Martine Moise, the widow of Haitian President Jovenel Moise — murdered in his home by an armed commando in early July — openly described the attack and shared her suspicions about the crime in an interview.
“The only thing I saw before they killed him were his boots,” Martine Moise said of the killers, speaking to The New York Times.
Awakened on that July 7 night by gunfire, the First Lady explains that she hid her two children in one of the residence’s bathrooms before lying down on the floor, on the advice of her husband.
According to Martine Moise, her husband will have told her that it would be the place where she would be “safer”.
after being bullet wound, remained lying down, revealed to the newspaper. “At that moment, I felt like I was choking with blood in my mouth and I couldn’t breathe,” he described.
Later, members of the command searched the room. Martine Moise heard them talking in Spanish to each other and to someone on the phone.
“They were looking for something and found it”, revealed to the American newspaper.
The First Lady survived the attack and had to be flown in for treatment in the state of Florida, in the United States. Two weeks later, she returned to Haiti for her husband’s funeral.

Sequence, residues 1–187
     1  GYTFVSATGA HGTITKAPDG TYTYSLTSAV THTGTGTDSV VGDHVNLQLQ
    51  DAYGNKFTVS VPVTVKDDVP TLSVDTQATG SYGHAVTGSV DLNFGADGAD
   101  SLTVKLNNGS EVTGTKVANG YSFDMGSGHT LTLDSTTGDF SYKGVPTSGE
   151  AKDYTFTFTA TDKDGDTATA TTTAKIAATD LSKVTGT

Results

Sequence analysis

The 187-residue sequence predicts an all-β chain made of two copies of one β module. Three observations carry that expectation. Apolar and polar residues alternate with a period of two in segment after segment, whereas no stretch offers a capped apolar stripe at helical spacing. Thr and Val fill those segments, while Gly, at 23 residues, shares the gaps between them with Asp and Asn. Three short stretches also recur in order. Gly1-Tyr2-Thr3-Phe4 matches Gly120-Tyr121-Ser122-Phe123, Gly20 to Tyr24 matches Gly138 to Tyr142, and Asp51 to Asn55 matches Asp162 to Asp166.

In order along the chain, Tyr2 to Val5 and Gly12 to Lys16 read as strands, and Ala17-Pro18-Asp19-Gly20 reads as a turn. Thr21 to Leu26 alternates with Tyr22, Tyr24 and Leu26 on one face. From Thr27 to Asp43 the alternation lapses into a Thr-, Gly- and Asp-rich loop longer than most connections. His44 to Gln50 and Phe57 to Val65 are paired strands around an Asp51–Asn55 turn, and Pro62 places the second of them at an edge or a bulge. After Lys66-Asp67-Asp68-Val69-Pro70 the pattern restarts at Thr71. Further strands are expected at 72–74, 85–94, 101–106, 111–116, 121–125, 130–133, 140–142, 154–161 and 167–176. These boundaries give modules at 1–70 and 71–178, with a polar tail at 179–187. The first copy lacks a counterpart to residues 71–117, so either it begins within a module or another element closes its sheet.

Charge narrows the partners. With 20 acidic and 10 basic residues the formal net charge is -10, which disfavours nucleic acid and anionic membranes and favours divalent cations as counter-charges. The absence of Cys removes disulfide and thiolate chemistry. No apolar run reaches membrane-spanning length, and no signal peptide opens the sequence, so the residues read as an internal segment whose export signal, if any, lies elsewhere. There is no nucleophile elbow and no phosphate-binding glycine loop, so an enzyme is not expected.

Martine wonders what happened during the attack when it comes to the team. 30 to 50 agents in charge of security at the president’s residence. “I don’t understand how nobody was hit by the bullets”, he leaves in the air.
After the first shots, the president called the two men responsible for his safety. “They told me they’re coming,” Moise told his wife after hanging up the phone.
Haitian police have arrested the president’s two security chiefs, as well as several Colombian mercenaries, and claim to have uncovered a plot organized by a group of Haitians with foreign connections, but many unknowns remain in the investigation.
For Martine Moïse, the people detained during the investigation are only the perpetrators of the July 7 crime, who deepened the political crisis in the impoverished country. “Only the oligarchs and the system could kill him,” he accuses.
The First Lady gave The New York Times a name: that of an influential businessman who had just entered politics, Réginald Boulos.
Avoiding accusing him of ordering the assassination, Martine believes the businessman had something to gain from the president’s death, the newspaper writes.
Contacted by The New York Times, Boulos vehemently denied the veiled allegations of the president’s widow and expressed his support for an independent international investigation.